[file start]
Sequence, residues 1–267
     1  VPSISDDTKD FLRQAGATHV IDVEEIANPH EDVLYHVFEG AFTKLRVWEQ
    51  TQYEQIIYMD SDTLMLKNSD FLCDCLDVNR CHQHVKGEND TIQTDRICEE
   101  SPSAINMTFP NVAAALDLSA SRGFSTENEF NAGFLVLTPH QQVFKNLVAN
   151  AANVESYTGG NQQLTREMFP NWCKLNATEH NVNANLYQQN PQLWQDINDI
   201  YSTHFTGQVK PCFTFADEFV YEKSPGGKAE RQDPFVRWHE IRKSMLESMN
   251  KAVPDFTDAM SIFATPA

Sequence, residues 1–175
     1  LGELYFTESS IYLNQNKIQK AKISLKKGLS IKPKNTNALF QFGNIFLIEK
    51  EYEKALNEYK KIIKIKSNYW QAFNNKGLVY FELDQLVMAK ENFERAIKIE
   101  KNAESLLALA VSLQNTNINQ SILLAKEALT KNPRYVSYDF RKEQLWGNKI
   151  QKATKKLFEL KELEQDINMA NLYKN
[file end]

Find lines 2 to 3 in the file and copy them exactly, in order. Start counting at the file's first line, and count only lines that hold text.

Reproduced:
     1  VPSISDDTKD FLRQAGATHV IDVEEIANPH EDVLYHVFEG AFTKLRVWEQ
    51  TQYEQIIYMD SDTLMLKNSD FLCDCLDVNR CHQHVKGEND TIQTDRICEE